Executive director at the Center for Well-Being in Santa Rosa since 2007, Alena Wall grew up “just east of Forestville on 30 acres of vineyard and redwoods.” She attended Forestville Elementary and El Molino High School, earned a bachelor’s degree in health science from CSU Chico and a master’s in holistic health education from John F. Kennedy University. “I’ve always had a passion for protecting the health of our community,” she says. “To me, health access includes living in a place that’s safe for physical activity, where nutrient-rich foods are accessible and policies are in place that protect the health of our most vulnerable residents.” Prior to joining the Center, she worked for City of Berkeley Health and Human Services.
What got you interested in public health?
I’ve always had an interest in community health. As a high school student, I thought I wanted to be a nurse because I desired a career in health care where I could make an impact. I took pre-nursing courses in college and then selected health science as my major when I learned from an upperclassman about the field of health education and community health. My first job out of college was working in HIV/AIDS for the Butte County Department of Public Health.
How long have you been in business?
The Center for Well-Being is celebrating its 20th year as an independent health care nonprofit focused on defeating chronic disease in the North Bay. Our primary focus is diabetes and heart disease.
Are you married?
I’ve been married to John “Matt” Wall for 11 years (we’ve been together for 18). My husband has been a great life partner and so supportive. We have two children, ages 6 and 1 ½. As the chief executive of a health care nonprofit and having two small children, my plate is pretty full. I really couldn’t pull it all off without him.
What do you love to do outside of work?
I love spending time with my family. On the weekends you can usually find me working in our garden. I love to be outdoors—hiking, jogging, camping, barbequing or just hanging out in the backyard with my boys. Their favorite thing to play right now is “tickle tackle.”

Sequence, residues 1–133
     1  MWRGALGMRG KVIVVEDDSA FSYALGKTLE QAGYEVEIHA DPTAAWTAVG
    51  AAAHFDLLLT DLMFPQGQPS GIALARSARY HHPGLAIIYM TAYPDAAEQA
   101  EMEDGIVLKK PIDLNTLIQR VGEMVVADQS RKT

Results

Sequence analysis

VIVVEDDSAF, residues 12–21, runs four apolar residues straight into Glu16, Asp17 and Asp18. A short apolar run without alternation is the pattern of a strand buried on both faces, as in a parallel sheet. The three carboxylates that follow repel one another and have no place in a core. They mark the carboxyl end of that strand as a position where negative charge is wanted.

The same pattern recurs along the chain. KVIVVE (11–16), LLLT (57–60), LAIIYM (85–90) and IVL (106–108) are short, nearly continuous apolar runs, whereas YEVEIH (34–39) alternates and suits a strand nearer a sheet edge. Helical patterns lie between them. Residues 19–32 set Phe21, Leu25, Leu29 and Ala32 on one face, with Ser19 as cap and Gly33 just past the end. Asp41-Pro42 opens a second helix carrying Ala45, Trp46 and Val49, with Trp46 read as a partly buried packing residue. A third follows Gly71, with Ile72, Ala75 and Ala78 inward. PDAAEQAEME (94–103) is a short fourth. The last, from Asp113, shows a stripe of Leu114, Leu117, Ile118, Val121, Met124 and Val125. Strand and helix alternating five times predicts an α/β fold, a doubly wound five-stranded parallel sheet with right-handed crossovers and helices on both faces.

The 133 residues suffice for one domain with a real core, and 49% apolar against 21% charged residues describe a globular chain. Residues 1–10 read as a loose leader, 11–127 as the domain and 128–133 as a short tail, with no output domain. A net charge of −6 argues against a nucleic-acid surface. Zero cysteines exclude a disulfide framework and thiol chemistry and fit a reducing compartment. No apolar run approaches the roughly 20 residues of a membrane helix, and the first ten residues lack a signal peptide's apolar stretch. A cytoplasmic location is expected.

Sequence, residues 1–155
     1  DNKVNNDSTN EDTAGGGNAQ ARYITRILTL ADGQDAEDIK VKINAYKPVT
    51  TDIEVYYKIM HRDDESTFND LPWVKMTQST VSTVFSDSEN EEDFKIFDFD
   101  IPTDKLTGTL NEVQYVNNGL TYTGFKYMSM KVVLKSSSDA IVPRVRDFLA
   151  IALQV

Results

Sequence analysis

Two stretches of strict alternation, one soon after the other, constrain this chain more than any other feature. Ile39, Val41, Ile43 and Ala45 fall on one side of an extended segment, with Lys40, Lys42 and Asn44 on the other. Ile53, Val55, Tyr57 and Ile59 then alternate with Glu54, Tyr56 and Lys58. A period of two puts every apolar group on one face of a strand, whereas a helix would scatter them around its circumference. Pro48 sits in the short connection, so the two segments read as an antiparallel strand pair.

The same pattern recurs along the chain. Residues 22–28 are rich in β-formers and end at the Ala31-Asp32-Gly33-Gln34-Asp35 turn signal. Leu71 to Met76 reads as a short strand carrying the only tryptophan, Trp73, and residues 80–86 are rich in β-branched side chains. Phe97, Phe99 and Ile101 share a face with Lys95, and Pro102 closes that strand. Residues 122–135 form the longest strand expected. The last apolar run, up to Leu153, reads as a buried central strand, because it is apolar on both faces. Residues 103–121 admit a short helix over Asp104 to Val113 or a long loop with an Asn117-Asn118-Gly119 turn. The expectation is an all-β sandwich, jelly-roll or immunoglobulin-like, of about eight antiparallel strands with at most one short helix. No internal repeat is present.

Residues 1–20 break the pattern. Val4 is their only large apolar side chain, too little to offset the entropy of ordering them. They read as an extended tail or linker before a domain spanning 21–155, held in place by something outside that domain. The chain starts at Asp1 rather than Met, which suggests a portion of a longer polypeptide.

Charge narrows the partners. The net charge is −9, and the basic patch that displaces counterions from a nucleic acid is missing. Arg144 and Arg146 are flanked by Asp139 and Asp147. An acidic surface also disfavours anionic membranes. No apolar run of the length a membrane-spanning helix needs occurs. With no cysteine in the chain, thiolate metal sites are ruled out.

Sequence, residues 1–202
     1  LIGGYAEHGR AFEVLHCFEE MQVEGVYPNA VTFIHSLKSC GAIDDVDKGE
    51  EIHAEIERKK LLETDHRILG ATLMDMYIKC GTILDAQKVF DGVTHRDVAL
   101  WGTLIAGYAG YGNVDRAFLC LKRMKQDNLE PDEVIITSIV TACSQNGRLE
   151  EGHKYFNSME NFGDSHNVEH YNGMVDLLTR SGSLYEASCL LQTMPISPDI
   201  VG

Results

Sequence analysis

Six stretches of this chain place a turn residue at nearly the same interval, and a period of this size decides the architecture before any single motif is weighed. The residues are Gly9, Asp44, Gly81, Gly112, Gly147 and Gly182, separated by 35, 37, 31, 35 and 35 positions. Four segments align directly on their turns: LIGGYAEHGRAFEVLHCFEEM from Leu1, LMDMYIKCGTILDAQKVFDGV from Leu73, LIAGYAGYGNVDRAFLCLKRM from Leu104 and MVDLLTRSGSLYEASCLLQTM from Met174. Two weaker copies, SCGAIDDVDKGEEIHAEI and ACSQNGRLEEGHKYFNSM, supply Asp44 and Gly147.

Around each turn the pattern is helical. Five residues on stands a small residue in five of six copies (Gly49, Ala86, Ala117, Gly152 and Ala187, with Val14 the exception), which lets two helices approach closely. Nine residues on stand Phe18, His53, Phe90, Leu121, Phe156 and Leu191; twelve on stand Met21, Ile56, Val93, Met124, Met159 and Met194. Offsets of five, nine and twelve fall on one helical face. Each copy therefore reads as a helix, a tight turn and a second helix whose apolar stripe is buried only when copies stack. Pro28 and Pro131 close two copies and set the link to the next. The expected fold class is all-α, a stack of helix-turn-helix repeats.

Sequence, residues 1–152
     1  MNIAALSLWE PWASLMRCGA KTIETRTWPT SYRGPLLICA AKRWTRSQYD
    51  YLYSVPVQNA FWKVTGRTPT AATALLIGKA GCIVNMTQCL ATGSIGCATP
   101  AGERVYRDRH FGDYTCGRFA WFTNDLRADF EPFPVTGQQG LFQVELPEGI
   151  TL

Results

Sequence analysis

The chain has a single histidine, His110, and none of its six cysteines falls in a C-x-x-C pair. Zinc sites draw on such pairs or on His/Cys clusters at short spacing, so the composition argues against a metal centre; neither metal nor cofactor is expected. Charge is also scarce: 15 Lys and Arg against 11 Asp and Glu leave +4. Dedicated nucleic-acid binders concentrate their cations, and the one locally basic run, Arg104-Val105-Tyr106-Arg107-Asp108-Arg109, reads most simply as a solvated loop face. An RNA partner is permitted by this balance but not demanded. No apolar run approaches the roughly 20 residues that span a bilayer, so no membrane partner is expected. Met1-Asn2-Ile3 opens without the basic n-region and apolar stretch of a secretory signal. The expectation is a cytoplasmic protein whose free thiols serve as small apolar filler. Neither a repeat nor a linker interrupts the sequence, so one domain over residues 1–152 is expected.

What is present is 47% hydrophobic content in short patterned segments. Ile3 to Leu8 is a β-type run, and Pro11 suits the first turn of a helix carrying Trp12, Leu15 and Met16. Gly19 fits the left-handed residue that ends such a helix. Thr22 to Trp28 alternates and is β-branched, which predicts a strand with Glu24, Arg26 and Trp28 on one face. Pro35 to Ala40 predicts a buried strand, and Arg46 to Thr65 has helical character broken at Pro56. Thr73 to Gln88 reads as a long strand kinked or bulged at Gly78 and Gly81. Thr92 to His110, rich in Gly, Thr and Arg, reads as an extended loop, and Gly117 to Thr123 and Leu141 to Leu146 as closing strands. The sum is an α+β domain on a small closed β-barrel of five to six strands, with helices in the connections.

Describe one of your happiest life moments.
The birth of our boys for sure. I love watching them learn new things and getting to experience life through their lens.
Ever fantasize about chucking it all and doing something else?
My husband and I talk about someday buying a little piece of property where we can do some light farming and run a part-time bed and breakfast with a beer tasting room. He’s been brewing for fun for about 15 years and we grow our own hops.
How has your birth order affected you?
I have a younger brother, Colby Ritch, who lives in Santa Rosa with his wife and two children. I’m the oldest so I was the boss. In all seriousness, my parents had more rules for me as the first-born and the only girl. I felt a little more pressure to be responsible and be a role model.
What do you consider your greatest achievement?
When I was hired as executive director of the Center for Well-Being in 2007, the organization was struggling (It had $5,000 in the bank and $40,000 owed on its line of credit). I worked hard to redesign the business model and created a sustainable infrastructure to support our high-quality diabetes and heart disease programs. Today, we have a fresh new brand, a new location downtown and have tripled our operating budget while serving more than 20,000 community members each year.
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